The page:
I think the author’s major contribution comes in the second section. The descriptions of the local ecologies at the eight sites are interesting and informative. The conditions are the same for everyone: rising sea levels, rising temperatures, more extreme storms and temperature conditions leading to either floods or droughts or both. What I appreciated most was the way in which she laid out the options one would have in dealing with the changing climate. At all locations there were people in place trying to plan for the changing conditions. Cullen will perform a valuable service if she succeeds in raising the public awareness on these matters. In general, there are actions that can and must be taken if the regions are to have a chance at maintaining a viable lifestyle. Only poor Bangladesh seems destined for unavoidable disaster.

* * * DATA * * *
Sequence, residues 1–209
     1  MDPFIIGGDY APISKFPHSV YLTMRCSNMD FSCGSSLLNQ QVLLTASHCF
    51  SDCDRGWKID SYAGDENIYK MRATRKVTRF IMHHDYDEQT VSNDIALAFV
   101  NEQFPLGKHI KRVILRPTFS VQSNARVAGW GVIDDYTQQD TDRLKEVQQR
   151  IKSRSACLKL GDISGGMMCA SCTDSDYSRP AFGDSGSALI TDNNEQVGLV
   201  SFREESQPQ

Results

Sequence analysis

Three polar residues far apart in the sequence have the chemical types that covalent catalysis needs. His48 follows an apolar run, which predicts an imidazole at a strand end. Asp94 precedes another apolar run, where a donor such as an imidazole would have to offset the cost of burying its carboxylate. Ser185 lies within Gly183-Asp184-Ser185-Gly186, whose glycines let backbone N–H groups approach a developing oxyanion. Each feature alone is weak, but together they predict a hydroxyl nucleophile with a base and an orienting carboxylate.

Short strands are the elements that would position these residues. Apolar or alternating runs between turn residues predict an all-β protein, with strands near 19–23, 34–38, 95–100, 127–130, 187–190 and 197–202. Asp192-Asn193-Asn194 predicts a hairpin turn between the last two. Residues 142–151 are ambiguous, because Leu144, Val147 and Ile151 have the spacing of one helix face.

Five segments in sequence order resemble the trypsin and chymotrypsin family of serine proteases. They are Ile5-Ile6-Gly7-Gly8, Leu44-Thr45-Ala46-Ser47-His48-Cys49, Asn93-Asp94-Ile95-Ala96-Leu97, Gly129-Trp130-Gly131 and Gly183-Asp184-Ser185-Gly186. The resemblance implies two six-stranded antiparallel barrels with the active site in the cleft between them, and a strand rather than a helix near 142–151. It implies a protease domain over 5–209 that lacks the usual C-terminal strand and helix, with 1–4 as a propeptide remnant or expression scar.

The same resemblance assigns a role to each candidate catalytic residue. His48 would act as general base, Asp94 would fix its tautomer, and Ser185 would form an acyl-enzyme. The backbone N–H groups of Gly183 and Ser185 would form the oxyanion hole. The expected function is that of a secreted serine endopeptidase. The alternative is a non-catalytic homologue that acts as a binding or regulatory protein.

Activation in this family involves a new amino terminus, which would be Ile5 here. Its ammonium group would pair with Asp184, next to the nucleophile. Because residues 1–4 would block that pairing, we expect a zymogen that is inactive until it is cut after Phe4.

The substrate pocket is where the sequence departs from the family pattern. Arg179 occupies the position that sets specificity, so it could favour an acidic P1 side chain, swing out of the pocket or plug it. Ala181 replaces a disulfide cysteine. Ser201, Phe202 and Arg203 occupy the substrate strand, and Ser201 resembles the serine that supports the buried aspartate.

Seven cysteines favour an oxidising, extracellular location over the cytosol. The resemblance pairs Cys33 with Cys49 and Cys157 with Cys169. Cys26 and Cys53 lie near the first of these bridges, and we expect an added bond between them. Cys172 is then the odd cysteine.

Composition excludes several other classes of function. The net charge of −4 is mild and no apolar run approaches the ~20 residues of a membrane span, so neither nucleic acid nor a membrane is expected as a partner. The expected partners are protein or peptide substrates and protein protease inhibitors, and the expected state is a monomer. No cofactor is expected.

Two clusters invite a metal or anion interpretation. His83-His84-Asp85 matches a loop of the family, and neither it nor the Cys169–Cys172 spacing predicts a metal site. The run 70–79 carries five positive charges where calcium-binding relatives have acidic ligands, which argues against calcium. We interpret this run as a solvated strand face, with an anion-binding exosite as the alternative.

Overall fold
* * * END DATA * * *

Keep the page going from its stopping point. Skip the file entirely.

New York is a good example of a location where one can foresee where the problems will lie. Rising temperatures mean hotter summers and higher demand for electricity. If the grid is not fortified there will inevitably be frequent brownouts. Manhattan Island has a good deal of land and infrastructure that are near or below sea level. Flooding is already a problem with storm drainage being barely capable of handling normal events. The author raises the threat of not only more extreme storms, but the prospect of a category 3 or 4 hurricane hitting the city in the future. This prospect, coupled with rising sea levels, suggests the city will ultimately have to construct a sea wall to protect itself from surging waters.

Making New York a viable place to live in the anticipated future will require an enormous investment in rebuilding and upgrading its infrastructure. If anyone wonders where the jobs of the future might come from, herein lies a possible answer. The only question will be how to pay for it. I am not sure how one builds an economy around public infrastructure spending.